A Scientific Conceptualization of an Incredible Phenomenon: Time Dilation
An exploration of Time Dilation, a concept first posited by Albert Einstein in 1905 as part of his new theory of special relativity.
This paper deliberates on the theory and actuality of a mind-boggling phenomenon referred to as Time Dilation, as well as its underlying effects. The paper begins with a brief introduction to the history of physics, in which it discusses the deviation from the regularity of determinism in Newtonian Physics (also, Classical Physics) — which brought primary emphasis on macroscopic situations — during the 20th century, to what became now known as (Einstein’s) Modern Physics — which is principally composed of relativity and quantum mechanics. Lastly, the paper explores in great depth the effects of Time Dilation and its significance in physicists’ understanding of the physical and natural world. The body of the paper works to elucidate some of the counterintuitive facets that surface when quantum phenomena and relativistic effects are jointly considered. If it is of worth to the reader, do take notice of this famous quotation:
“Those who are not shocked when they first come across quantum theory cannot possibly have understood it.”
—Neils Bohr (1885–1962)
At the start of the 20th century physicists began to adopt a different understanding for how the world works, espousing the idea that physics could be thought of as a space-time manifold, an empty “stage” in which events take place. Long before the turn of this century, the Newtonian physics of the classical era had dominated the status quo, always necessitating itself when a macroscopic situation came about — although doing so with impressive accuracy. But such classical mechanics was no longer viable in a changing world, for it was only a mere “approximation to the truth.” For once physicists started probing lesser distances but with higher energy masses, there were many flaws and discrepancies that could not be explained by such Classical Physics; Some of the most notable of these, included “Blackbody Radiation,” the Photoelectric Effect, the Hydrogen Atom, and Compton Scattering. It was such incompleteness regarding many of the classical (c. 16–1900s) theories which began to necessitate a newer and more novel approach to the world of physics (i.e., in some aspects of the field, at the very least).
In his 1905 paper On the Electrodynamics of Moving Bodies, Albert Einstein reforms this status quo with his newly developed Theory of Special Relativity. This theory was a major breakthrough in the world of physics, for it was responsible in establishing an interconnection between space and time (space-time), as well as its relation to inertial objects. Albert Einstein’s findings allowed him to conclude that when objects near the constant speed of light, time dilates and length contracts, an incredible discovery in the world of physics. Einstein based the reasoning of his paper on two main postulates. The relativity principle and the constancy of the speed of light. The former dictated that the laws of physics are the same for all inertial (non-accelerating) frames of reference (observers); and the latter stated that the speed of light within a vacuum is an invariant (unchanging) — a physical constant with a value of 299,792,458 meters per second — and is entirely independent of the relative motion of an observer (or source). (Also of importance to note is that the term “special” denotes that these postulates hold true for inertial reference frames only.) Such postulates at the turn of the century — having been essentially repurposed from that of previous physicists, Newton and Galileo, respectively — ultimately changed the way that we humans understood the physical world.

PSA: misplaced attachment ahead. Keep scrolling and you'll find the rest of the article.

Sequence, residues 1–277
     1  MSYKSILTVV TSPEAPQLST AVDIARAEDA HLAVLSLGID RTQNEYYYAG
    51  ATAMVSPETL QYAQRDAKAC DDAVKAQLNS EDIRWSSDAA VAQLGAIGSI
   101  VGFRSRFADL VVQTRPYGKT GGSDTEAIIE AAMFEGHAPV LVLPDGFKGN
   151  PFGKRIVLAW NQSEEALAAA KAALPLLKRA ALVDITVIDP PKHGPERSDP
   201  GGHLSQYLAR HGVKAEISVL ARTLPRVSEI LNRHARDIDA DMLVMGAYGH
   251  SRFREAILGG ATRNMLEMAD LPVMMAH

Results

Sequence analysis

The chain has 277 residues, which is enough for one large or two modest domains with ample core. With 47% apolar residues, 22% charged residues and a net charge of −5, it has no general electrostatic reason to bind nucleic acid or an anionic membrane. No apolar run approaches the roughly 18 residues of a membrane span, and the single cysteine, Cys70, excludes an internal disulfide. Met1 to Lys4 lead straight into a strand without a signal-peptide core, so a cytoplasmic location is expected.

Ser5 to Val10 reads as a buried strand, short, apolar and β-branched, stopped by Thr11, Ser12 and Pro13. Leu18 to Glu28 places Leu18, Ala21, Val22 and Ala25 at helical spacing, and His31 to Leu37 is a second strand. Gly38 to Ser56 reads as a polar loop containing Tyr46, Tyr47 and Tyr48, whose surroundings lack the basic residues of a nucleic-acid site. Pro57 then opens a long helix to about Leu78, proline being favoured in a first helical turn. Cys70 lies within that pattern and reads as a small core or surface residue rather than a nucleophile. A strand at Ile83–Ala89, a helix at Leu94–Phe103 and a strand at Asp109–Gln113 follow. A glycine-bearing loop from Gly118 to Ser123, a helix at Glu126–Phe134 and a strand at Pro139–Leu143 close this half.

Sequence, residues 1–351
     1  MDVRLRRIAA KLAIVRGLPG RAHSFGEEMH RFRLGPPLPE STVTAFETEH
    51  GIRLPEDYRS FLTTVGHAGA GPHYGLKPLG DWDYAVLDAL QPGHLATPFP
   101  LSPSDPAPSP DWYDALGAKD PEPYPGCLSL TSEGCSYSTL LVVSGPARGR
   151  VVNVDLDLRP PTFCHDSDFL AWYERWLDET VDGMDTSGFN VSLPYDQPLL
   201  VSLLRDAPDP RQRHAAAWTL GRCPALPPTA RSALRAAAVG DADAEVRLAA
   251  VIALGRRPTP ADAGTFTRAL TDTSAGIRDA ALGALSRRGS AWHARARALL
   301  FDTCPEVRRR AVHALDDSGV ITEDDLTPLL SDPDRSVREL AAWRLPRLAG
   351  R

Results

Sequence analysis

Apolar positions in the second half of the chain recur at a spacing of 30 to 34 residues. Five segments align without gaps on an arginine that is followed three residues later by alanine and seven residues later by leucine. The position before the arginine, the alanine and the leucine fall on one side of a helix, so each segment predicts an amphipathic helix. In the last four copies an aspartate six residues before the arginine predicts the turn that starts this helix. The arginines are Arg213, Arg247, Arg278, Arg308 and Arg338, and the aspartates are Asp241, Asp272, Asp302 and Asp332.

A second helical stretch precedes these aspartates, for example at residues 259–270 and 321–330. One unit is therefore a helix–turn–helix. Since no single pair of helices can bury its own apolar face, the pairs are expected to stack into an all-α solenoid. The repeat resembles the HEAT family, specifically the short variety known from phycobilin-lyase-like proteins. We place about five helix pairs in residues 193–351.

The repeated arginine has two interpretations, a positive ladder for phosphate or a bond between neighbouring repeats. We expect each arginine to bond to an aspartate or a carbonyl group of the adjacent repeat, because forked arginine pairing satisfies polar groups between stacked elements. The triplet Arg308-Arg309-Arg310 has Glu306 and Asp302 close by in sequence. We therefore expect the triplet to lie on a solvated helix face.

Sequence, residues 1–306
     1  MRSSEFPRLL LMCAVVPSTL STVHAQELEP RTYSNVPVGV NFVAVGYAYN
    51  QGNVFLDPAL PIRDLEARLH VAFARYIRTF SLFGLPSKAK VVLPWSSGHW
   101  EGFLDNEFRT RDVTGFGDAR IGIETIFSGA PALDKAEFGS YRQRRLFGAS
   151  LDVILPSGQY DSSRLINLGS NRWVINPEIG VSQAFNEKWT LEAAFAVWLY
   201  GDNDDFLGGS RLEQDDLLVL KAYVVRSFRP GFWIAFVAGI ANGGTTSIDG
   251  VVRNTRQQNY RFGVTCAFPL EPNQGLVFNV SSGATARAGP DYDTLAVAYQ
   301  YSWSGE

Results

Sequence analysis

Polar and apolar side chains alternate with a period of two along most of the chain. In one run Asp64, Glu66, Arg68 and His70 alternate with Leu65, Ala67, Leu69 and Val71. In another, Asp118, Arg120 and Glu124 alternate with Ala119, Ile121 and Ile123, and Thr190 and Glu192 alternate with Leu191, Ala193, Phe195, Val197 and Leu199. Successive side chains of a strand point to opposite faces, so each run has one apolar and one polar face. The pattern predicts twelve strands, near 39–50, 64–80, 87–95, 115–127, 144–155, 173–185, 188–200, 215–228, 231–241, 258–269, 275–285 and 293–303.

In October 1971, American astronomer R.E. Keating and physicist J.C. Hafele conducted an experiment to test the effects of time dilation.
They brought four cesium-beam atomic clocks aboard commercial jet flights and flew the clocks around the world twice — one clock traveled eastward and the other westward — in order to test a hypothesis first posited by Einstein’s special relativity. Aiming to measure the relativistic effects of moving at such high speeds on the atomic clocks (which were incredibly accurate devices) with this experiment, Keating and Hafele sought to analyze differences between the moving clocks on the commercial airliners with that of the stationary clocks at the United States Naval Observatory.
They predicted that the clock flying eastward would lose 40 nanoseconds, whereas the clock flying westward would gain 275 nanoseconds. To compare this to human-like terms, “1 nanosecond is to one second as one second is to almost 32 years.”
“During October, 1971, four cesium atomic beam clocks were flown on regularly scheduled commercial jet flights around the world twice, once eastward and once westward, to test Einstein’s theory of relativity with macroscopic clocks. From the actual flight paths of each trip, the theory predicted that the flying clocks, compared with reference clocks at the U.S. Naval Observatory, should have lost 40+/-23 nanoseconds during the eastward trip and should have gained 275+/-21 nanoseconds during the westward trip … Relative to the atomic time scale of the U.S. Naval Observatory, the flying clocks lost 59+/-10 nanoseconds during the eastward trip and gained 273+/-7 nanosecond during the westward trip, where the errors are the corresponding standard deviations. These results provide an unambiguous empirical resolution of the famous clock “paradox” with macroscopic clocks.” (J.C. Hafele and R. E. Keating, (1972))
The results of the experiment denoted that, in comparison to the stationary clocks at the observatory, the eastward-flying clock lost 59ns while the westward gained 273ns. While there was a “discussion” regarding the “accuracy and therefore reliability” of the results, this experiment is nevertheless often regarded as one of the first experiments to yield physical proof of time dilation, and its effects.
3. EINSTEIN’S SPECIAL RELATIVITY AND TIME DILATION
In his theory of special relativity, Einstein explains how space and time affect inertial objects that are moving in a straight line (in a vacuum, of course). He expounds on the concept that that time is relative for all observers, and how it passes at different rates for objects that are in motion in comparison with objects at rest. He proposes the following time dilation equation (which will be derived and explained, shortly):